Appendix A: The Gaussian kernel method
Consider a sample of size n: () of identically distributed, independent random variables. We intend to provide an estimate of the probability density function of the generic variable X, namely , defined by the property:
If we estimate the probability density function through the derivative of the empirical repartition function, we obtain a sum of Dirac functions.
However, if we convolute these Dirac functions by a kernel which has `good' properties, the function obtained is then a continuous function and an estimator of the probability density function (Devroye 1986). The estimator of the density function of the sample is denoted , and is given, after convolution, by:
where is a parameter which is fixed with the choice of the kernel applied. This parameter is used to smooth the shape of the curve, so that has to tend to zero when n goes to infinity, but not too fast:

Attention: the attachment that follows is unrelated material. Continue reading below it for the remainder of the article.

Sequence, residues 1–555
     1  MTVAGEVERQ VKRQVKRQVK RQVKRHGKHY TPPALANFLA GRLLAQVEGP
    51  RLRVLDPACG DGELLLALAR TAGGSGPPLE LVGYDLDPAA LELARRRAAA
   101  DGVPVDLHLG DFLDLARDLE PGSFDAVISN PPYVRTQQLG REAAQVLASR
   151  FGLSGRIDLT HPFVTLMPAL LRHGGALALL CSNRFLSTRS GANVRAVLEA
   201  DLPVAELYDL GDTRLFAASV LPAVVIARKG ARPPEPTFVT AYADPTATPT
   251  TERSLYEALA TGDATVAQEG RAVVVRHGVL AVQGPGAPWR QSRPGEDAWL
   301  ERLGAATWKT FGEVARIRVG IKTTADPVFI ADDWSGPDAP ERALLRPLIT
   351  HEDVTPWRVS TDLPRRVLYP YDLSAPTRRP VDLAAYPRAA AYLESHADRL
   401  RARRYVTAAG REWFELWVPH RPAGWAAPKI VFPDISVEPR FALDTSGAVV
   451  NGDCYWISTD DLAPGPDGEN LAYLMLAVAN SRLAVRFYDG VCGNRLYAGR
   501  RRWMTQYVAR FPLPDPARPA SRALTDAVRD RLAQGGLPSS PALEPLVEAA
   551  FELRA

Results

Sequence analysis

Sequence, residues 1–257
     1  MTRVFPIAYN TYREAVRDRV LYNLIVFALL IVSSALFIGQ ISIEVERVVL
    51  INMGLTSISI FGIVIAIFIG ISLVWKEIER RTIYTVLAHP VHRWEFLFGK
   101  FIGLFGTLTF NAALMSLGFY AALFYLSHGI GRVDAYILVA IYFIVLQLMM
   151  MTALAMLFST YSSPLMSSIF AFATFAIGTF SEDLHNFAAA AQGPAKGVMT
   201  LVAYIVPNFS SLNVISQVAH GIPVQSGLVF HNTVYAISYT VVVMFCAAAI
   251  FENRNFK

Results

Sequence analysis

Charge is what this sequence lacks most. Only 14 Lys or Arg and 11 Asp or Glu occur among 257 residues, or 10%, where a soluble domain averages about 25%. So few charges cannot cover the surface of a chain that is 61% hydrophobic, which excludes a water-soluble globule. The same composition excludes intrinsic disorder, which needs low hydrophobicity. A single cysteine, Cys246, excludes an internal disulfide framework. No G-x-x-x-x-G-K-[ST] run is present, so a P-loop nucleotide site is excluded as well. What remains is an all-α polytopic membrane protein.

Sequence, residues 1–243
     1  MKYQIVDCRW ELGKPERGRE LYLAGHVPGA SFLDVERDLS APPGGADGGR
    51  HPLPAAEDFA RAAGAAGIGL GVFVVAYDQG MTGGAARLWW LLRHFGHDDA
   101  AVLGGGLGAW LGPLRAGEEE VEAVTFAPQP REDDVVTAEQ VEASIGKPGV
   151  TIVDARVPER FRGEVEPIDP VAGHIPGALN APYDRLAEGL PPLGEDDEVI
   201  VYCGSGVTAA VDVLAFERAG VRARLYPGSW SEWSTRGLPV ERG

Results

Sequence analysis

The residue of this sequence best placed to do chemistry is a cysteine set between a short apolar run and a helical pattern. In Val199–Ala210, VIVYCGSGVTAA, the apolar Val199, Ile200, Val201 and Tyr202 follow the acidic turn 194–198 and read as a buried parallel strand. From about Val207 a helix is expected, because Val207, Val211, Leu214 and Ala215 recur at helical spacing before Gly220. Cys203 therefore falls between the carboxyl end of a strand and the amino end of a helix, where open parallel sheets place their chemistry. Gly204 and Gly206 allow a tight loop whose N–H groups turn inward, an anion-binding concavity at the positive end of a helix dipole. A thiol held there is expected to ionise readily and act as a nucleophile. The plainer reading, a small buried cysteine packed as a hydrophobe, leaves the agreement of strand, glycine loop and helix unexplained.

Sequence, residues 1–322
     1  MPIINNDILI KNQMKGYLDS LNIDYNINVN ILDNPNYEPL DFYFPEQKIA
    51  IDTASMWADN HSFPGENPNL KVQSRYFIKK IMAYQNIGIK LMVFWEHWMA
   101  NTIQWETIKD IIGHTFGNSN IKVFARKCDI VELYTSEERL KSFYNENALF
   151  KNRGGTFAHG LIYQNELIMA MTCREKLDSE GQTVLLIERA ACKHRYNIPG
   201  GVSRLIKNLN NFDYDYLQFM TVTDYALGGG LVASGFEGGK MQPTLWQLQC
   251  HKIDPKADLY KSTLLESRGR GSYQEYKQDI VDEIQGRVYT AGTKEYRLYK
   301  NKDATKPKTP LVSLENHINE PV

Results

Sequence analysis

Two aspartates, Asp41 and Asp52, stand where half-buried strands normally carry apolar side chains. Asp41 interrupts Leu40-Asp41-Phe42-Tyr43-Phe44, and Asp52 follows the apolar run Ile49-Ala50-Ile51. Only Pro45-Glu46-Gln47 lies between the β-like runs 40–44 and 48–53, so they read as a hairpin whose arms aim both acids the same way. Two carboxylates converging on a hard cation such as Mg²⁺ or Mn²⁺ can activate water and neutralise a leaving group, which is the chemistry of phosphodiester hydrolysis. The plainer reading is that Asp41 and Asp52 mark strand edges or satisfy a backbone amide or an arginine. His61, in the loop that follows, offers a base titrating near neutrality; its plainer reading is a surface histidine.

The `good' properties of are:
which ensure the convergence of in probability to the true density function of the random variable X. Therefore:
A useful kernel is the Gaussian kernel which, moreover, has the property to be :
where , and is the standard deviation.
In our case, , and .
© European Southern Observatory (ESO) 2000
Online publication: December 5, 2000